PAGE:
Milkvetch (A. hamosus, L.) and Scorpion vetch (C. scorpioides L.)
are widely distributed in Tunisia and in other parts of the world (Zoghlami
and Zouaghi, 2003). Both these annual legumes are neither well documented
nor used as cultivated crops, although their potential for pasture use was recommended
since more than fifty years ago (Gounot, 1958). They
are often found growing together. A. hamosus is a hard drought-tolerant
plant potentially useful for soil protection in Mediterranean areas (Patane
and Gresta, 2006).
Legume seeds are known for their rigid seed coat (Kozuharova
et al., 2010). In most commercial forage and pasture legumes, seed
germination has been a problem for years. Temperature appears to be an important
factor for seed germination (Brar et al., 1991).
Species which germinate readily over a range of temperatures should be easier
to establish than those with highly specific temperature requirements (Towsend
and McGinnies, 1972).
In our forage and pasture genetic resources programme we are evaluating species for which there is little information on many characteristics, the most important being temperature requirement for seed germination. The purpose of this study is to determine the response of seed germination of local populations of A. hamosus and C. scorpioides under different temperature treatments, in order to promote a more successful use of these species in the improvement of natural pasture of Tunisia, as well as their integration in crop rotation system.
MATERIALS AND METHODS
Seed germination of A. hamosus and C. scorpioides populations
was tested under dark conditions at four temperature treatments: three alternating
temperatures of 5-20, 15-25 and 20-35°C and one constant temperature of
20°C. The 20-35°C treatment was not tested on C. scorpioides
because of insufficient seeds. Duration of each alternating temperature
was 12 h and the regime of moisture was maintained constant between 70 and 80%.
A. hamosus and C. scorpioides were represented by 10 and 5 populations,
respectively seeds of both species were originated from previous collecting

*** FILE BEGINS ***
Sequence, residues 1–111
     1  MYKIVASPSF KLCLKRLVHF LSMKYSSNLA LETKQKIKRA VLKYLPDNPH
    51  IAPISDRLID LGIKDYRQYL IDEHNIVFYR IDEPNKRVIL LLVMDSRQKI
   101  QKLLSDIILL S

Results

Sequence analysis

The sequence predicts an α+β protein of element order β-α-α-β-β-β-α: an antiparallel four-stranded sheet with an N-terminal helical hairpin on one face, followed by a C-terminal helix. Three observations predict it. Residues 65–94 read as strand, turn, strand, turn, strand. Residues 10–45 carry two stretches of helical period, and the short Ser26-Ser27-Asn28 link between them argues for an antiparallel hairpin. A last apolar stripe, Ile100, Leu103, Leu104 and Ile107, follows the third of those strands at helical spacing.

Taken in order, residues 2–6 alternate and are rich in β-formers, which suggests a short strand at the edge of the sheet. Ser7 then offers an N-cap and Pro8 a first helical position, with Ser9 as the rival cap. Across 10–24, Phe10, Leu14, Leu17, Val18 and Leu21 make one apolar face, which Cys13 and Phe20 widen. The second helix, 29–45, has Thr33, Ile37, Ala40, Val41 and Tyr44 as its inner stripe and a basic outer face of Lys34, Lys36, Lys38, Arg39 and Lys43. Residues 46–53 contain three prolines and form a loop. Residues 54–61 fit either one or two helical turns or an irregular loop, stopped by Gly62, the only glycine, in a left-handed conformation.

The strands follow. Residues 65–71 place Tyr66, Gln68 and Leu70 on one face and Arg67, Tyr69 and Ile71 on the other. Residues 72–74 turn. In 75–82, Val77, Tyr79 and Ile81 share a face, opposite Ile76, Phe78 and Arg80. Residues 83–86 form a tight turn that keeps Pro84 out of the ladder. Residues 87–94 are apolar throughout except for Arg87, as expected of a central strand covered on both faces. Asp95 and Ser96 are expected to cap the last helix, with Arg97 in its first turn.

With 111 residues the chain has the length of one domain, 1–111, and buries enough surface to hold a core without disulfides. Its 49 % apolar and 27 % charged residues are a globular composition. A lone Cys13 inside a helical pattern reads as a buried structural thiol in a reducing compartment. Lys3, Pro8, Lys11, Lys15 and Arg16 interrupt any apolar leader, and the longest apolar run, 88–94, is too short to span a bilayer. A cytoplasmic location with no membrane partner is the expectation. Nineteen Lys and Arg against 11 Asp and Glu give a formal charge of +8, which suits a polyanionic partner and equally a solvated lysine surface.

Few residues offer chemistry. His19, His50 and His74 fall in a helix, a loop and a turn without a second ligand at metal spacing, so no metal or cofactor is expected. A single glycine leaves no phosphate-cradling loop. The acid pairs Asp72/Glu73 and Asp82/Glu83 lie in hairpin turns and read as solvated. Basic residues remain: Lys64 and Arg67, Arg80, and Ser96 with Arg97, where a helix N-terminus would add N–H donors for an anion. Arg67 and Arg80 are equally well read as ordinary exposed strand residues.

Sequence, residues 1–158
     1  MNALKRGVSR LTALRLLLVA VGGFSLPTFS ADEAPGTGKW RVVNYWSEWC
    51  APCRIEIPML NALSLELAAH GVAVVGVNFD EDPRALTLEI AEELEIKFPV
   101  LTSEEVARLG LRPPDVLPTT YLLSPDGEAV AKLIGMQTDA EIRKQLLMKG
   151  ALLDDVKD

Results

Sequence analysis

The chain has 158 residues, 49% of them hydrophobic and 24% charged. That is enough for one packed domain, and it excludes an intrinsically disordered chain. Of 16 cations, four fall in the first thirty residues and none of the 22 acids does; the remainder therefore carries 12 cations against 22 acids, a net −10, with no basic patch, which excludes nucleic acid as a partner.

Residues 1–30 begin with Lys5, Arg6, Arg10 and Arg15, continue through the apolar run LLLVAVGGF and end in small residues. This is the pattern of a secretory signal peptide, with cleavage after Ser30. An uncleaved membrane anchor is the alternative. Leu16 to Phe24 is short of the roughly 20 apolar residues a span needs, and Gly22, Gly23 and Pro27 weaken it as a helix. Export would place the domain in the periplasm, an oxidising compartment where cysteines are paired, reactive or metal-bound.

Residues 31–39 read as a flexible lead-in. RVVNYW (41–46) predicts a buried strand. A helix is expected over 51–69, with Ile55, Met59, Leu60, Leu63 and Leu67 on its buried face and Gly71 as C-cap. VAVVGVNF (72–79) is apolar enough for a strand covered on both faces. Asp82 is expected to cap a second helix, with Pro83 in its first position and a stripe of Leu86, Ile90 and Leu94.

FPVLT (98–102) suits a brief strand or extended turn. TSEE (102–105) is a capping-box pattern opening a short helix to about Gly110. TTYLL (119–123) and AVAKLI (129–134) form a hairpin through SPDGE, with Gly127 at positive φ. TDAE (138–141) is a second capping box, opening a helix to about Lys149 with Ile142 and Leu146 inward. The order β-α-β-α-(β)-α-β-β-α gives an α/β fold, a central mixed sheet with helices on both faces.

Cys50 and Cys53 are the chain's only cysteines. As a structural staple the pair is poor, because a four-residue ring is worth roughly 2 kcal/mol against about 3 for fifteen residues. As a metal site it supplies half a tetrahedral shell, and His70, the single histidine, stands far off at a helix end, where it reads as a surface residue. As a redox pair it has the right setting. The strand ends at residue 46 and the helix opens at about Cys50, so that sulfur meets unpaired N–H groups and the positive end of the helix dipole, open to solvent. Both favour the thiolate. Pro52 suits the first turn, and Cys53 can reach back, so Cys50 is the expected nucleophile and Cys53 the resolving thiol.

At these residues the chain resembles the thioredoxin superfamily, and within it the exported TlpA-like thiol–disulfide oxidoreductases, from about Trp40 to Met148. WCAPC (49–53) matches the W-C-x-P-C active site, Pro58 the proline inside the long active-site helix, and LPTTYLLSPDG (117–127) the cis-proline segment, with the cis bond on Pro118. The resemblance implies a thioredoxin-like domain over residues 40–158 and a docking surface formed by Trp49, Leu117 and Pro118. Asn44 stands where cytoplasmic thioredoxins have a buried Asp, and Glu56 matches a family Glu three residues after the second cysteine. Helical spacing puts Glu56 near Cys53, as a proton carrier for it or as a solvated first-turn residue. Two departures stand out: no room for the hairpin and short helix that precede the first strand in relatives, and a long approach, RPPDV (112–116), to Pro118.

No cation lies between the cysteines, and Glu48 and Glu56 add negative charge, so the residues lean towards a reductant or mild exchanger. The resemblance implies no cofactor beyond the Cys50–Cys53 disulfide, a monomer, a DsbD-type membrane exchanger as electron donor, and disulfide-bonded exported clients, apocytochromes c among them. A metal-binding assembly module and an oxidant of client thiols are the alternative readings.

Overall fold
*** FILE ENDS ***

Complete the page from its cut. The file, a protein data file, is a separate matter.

missions conducted conjointly between INRAT, ICARDA and CLIMA/Australia in 1992
and 1994 in order to conserve the local Tunisian forage and pasture legume germplasm.
|| Code and characteristics of sites of origin of A. hamosus
and C. coronilla populations used in the experiment
A seed increase programme was then initiated for all germplasm in the subsequent
years. However, seeds of tested species were approximately the same age and
were stored in room conditions for several years followed by cold storage more
recently. The characteristics of the collection sites of the studied populations
are presented in Table 1.
For each species and population, one hundred seeds (replicated 3 times) were scarified with sandpaper in order to enhance germination and then placed in Petri dishes on imbibed filter paper. The dishes were placed in a dark germinator at the desired temperature.
Germination counts were made daily over four weeks. For alternating temperatures, heating phase starts each day early in the morning (6 AM) and the cooling phase commences early in the afternoon (18 PM) so as to ensure a duration period of 12 h for each phase.
For both species and for each species separately, analysis of variance was
carried out on the angles resulting from the arcsin transformation of the percentages
using the SAS version 8 (SAS, 1998). Differences between
mean values were evaluated for significance using the Duncan test at 0.05 levels.
For both species together, all main effects and interactions among species,
temperatures and accessions were highly significant (p<0.001).
||Seed germination dynamics of A. hamosus populations.
Percentage of all germinated seeds during each week at each temperature
For each species separately, a high significant effect of temperature, accession
and their interaction on total germination was observed (p<0.001).
For A. hamosus, the effect of temperature was higher than that of accession
or the interaction accession x temperature. However, alternating temperatures
(mainly that of 20-35°C) was the most favourable treatment for total germination
of this species compared to the constant 20°C which markedly reduced its
germination (Table 2). Whatever the temperature, the seed
dynamic germination increased with time. The interaction between accession and